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Yingchen He, Jennifer M. Scholz, Rachel Gage, Christopher S. Kallie, Tingting Liu, Gordon E. Legge; Comparing the visual spans for faces and letters. Journal of Vision 2015;15(8):7. doi: https://doi.org/10.1167/15.8.7.
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© ARVO (1962-2015); The Authors (2016-present)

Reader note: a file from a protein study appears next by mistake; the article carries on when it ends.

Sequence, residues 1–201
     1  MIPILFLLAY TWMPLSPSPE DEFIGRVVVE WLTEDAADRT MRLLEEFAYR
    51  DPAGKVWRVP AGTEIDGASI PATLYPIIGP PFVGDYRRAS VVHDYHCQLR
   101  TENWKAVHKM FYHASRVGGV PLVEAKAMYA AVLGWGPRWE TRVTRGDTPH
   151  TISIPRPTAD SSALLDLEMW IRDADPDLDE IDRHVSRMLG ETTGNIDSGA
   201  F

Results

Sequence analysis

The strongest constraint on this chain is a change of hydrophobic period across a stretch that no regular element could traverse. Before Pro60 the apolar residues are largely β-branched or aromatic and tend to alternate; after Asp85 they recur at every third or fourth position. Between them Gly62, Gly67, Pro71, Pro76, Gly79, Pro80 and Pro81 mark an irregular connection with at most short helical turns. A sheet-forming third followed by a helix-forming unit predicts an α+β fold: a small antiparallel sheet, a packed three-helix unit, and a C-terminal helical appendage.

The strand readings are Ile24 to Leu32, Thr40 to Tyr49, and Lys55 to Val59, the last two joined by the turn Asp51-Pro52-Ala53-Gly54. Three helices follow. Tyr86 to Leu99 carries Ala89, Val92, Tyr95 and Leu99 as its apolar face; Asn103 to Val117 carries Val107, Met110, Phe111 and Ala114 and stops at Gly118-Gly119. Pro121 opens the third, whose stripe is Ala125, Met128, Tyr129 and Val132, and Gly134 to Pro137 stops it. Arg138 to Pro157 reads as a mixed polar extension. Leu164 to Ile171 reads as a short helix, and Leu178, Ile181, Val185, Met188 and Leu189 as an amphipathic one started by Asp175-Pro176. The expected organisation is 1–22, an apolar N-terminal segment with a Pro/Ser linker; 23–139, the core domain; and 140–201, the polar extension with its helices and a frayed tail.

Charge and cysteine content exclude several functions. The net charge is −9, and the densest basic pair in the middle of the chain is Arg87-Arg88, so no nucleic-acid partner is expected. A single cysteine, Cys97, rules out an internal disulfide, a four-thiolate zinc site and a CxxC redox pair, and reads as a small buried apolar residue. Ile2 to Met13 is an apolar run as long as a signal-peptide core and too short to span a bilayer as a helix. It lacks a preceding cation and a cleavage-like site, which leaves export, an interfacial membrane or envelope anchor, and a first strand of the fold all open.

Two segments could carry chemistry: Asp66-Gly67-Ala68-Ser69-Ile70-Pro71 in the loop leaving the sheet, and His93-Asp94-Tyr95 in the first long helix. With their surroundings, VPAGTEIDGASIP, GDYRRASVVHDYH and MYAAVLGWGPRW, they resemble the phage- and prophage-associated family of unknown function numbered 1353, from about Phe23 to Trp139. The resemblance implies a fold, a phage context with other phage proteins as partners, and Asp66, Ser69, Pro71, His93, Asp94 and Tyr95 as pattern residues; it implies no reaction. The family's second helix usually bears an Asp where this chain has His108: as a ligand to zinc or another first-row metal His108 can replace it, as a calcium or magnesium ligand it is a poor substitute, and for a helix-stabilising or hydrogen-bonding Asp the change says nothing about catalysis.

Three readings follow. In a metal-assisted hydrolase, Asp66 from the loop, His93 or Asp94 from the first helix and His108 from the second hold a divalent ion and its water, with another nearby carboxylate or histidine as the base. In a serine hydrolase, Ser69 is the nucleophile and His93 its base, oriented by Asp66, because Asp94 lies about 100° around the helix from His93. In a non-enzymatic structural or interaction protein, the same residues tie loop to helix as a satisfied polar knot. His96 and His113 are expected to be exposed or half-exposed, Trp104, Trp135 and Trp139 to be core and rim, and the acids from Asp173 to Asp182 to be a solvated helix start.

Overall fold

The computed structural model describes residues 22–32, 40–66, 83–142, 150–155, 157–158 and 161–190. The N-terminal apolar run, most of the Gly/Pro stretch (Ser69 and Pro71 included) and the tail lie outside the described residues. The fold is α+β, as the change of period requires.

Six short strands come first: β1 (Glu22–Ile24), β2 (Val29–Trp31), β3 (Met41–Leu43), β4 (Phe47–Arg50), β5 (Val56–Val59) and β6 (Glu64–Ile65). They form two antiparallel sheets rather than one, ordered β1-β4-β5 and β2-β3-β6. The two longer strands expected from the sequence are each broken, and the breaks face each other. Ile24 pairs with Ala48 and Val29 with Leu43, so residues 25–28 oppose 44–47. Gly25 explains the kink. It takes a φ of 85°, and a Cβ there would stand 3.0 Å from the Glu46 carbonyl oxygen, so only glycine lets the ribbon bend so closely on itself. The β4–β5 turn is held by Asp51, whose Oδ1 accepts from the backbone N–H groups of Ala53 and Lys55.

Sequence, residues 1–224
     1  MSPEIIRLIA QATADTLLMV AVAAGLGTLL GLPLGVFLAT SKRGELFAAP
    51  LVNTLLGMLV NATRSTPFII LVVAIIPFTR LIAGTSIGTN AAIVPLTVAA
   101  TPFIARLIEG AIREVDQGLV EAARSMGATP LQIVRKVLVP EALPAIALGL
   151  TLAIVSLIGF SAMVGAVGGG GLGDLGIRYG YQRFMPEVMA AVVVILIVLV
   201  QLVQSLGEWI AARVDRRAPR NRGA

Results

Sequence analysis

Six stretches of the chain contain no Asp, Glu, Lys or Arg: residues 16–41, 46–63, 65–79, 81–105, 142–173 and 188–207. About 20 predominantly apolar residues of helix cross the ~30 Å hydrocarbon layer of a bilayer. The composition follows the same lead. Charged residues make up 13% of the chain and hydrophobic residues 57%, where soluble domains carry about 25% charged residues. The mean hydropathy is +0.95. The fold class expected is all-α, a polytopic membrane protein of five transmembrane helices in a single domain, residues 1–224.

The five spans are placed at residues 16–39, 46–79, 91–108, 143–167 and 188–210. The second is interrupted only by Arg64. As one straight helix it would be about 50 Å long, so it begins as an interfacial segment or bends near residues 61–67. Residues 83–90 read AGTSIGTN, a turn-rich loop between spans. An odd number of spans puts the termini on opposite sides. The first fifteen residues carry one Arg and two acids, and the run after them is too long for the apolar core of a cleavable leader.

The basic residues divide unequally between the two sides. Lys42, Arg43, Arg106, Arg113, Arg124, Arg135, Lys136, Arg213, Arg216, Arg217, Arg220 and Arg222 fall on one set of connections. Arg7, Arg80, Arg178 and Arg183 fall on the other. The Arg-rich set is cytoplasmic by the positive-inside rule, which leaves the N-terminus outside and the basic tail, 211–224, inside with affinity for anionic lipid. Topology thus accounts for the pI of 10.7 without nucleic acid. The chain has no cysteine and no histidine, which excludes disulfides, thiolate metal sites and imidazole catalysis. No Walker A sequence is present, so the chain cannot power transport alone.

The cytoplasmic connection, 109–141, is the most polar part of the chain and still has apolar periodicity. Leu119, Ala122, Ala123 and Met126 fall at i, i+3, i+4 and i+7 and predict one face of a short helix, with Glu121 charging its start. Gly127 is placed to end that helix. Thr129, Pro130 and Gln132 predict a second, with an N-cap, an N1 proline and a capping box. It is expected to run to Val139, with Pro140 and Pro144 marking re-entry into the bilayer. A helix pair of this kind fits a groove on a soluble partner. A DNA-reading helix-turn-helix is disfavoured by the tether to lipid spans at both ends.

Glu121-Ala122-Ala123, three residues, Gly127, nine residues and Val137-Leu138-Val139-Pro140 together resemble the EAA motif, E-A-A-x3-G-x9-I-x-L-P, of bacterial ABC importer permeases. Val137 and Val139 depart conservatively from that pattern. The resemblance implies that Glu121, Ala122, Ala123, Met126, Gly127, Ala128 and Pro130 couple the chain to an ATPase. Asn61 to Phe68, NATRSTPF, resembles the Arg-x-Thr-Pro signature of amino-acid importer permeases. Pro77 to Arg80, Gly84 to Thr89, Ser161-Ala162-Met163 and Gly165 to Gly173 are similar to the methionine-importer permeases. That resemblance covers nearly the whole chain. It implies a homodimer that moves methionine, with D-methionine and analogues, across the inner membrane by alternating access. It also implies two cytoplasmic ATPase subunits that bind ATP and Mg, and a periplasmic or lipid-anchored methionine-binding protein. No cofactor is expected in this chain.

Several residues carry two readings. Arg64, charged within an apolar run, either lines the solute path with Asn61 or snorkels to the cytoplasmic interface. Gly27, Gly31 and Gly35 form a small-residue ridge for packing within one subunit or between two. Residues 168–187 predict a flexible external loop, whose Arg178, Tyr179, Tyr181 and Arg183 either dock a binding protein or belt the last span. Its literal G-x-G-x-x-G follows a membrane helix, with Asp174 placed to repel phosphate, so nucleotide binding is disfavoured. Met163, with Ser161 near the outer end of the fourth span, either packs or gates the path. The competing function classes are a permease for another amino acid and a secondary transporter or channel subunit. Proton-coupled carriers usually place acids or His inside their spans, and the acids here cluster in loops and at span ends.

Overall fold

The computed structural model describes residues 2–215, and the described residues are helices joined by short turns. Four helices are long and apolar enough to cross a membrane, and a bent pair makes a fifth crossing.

The visual span—the number of adjacent text letters that can be reliably recognized on one fixation—has been proposed as a sensory bottleneck that limits reading speed (Legge, Mansfield, & Chung, 2001). Like reading, searching for a face is an important daily task that involves pattern recognition. Is there a similar limitation on the number of faces that can be recognized in a single fixation? Here we report on a study in which we measured and compared the visual-span profiles for letter and face recognition. A serial two-stage model for pattern recognition was developed to interpret the data. The first stage is characterized by factors limiting recognition of isolated letters or faces, and the second stage represents the interfering effect of nearby stimuli on recognition. Our findings show that the visual span for faces is smaller than that for letters. Surprisingly, however, when differences in first-stage processing for letters and faces are accounted for, the two visual spans become nearly identical. These results suggest that the concept of visual span may describe a common sensory bottleneck that underlies different types of pattern recognition.
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